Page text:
An Asian Woman’s Journey into Pastoral Leadership
Alma Kyaw Thura
Kyaw Thura, we are sorry. But you are going to have to make a decision. You will either have to bring New Life in Christ ministries under the authority of the church, or you will have to find somewhere else to conduct your ministry.
“Remember, we pay your husband’s salary. You answer to us.”
Sadness and anger ran through me as I listened to these words. I was sitting in the parsonage that my husband Wesley and I shared at Yangon Methodist English Church, where he had been pastor for 12 years. Surrounding me was a group of church leaders and elders. They had come to inform me that the ministry God had given me was no longer welcome at the church.
What should my husband and I decide? If I insisted on continuing the ministry at the church, it could mean Wesley’s dismissal as pastor. But if I agreed to their terms, I would lose any authority I had been given by God to reach out to poor and marginalized Buddhists with the love of Jesus Christ. And I would be bowing to the authority of “leaders” who, despite their church titles, had no viable ministry or witness.
As Wesley and I listened and prayed, I reflected on the journey that had led us to this confrontation. It was a long, twisting path that God had placed me on in my childhood. And it led not only to this tense meeting, but to a new awareness of God’s call on my life as a wife, mother…and minister of the gospel.
TURBULENT UPBRINGING, GLIMMERS OF FAITH
THE OLDEST OF THREE children, I was born into a dynamic, interfaith household. My father, a high-level government official, was Buddhist. He converted to Christ when he was 45 years old, living as a Christ follower until his death at 70. My mother, who is still with us, was a believer who grew up in a Christian family. She was also an accomplished track and field athlete, winning three gold medals in the Asia Games.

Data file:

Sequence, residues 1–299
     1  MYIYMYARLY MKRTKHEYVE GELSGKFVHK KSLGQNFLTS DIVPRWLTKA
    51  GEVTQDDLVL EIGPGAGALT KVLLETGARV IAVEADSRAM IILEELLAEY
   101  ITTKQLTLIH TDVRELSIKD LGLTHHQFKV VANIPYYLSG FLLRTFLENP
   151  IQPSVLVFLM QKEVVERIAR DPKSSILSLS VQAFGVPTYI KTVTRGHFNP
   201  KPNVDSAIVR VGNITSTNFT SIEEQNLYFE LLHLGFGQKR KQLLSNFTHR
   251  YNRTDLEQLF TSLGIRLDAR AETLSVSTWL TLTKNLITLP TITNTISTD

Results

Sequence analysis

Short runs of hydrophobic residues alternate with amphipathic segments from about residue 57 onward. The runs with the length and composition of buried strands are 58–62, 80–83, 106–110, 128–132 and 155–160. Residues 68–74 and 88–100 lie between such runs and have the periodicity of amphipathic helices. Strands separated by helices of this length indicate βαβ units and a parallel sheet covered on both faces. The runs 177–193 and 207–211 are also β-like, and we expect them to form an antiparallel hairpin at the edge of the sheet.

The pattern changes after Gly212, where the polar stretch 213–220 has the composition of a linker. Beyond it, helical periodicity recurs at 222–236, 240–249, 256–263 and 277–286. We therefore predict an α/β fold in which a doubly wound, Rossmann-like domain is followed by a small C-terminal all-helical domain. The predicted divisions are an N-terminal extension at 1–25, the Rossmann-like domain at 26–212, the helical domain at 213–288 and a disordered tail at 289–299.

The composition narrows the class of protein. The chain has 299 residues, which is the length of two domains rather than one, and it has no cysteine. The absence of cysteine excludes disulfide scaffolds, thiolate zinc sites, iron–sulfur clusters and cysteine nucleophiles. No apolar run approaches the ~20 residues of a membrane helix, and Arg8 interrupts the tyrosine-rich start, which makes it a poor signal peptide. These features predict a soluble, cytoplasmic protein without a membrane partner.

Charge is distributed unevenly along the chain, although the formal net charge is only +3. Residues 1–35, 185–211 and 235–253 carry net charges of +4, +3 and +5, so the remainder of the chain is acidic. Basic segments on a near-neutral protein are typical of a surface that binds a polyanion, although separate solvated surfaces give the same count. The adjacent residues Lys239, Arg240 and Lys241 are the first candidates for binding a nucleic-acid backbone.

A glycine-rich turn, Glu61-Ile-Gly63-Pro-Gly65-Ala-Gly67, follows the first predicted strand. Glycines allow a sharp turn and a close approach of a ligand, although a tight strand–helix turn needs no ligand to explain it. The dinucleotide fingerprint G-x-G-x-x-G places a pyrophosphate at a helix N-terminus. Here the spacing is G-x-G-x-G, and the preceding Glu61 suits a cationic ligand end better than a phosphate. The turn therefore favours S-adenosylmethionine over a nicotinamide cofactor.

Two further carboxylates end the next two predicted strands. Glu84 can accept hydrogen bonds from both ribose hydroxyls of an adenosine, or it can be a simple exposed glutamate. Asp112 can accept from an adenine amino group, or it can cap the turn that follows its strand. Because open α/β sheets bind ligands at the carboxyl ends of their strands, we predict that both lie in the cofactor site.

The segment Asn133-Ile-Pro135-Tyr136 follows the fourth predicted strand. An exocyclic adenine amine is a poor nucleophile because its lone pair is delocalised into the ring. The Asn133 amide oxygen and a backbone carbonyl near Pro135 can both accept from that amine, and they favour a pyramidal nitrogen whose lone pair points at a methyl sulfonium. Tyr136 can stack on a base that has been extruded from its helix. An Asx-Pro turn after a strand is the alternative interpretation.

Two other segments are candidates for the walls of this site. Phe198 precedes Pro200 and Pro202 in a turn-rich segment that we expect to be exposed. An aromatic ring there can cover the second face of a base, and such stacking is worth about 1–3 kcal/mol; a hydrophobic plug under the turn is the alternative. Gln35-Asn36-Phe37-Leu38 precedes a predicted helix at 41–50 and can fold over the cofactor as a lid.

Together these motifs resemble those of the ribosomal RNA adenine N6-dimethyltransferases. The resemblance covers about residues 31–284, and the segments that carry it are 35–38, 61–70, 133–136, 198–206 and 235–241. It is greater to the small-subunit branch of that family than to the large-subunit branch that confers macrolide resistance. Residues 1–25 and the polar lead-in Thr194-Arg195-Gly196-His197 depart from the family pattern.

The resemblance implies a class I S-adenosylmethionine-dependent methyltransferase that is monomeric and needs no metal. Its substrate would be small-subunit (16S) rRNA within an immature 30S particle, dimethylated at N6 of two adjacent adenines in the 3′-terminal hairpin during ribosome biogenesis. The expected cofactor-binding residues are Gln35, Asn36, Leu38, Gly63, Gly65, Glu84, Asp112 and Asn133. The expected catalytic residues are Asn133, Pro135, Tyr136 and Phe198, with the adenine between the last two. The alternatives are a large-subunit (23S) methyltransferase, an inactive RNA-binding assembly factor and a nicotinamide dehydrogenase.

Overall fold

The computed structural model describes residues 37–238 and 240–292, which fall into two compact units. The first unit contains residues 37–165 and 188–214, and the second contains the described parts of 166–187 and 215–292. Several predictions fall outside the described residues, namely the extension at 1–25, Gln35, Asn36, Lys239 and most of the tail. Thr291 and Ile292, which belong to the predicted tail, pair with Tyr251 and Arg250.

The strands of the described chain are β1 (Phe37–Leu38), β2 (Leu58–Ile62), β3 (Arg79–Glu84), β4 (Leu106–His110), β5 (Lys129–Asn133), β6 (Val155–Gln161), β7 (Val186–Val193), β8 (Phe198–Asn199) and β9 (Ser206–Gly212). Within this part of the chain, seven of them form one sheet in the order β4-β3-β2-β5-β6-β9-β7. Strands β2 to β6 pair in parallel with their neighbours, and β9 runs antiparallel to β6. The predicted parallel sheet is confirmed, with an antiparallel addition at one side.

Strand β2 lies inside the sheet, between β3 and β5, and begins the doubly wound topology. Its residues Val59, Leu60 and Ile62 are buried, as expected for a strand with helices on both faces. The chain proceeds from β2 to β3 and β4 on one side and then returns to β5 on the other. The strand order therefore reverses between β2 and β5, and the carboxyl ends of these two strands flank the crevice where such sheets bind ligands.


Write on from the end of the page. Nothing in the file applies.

When I was a baby, my father was arrested and imprisoned for five years on a corruption charge. The offense had been committed by an officer under his authority, but because it had happened under his watch, my father took the blame for his junior officer’s crime.
With my father in prison and my mother away pursuing her athletic career, I was brought up by my grandmother. She had a strong Christian faith and a pure British culture. She trained me to be Western in my thinking and behavior, which is much different from the traditional Burmese style. I gained a natural self-discipline and set of manners that do not usually exist in Burmese culture.
When I was four years old, …
About the Author
ALMA KYAWTHURA is pastor of New Life in Christ Ministries, based in Yangon, Myanmar. She lives in North Dagon Township, Yangon, with her husband Wesley, their son Trust, and their daughter Phobe.
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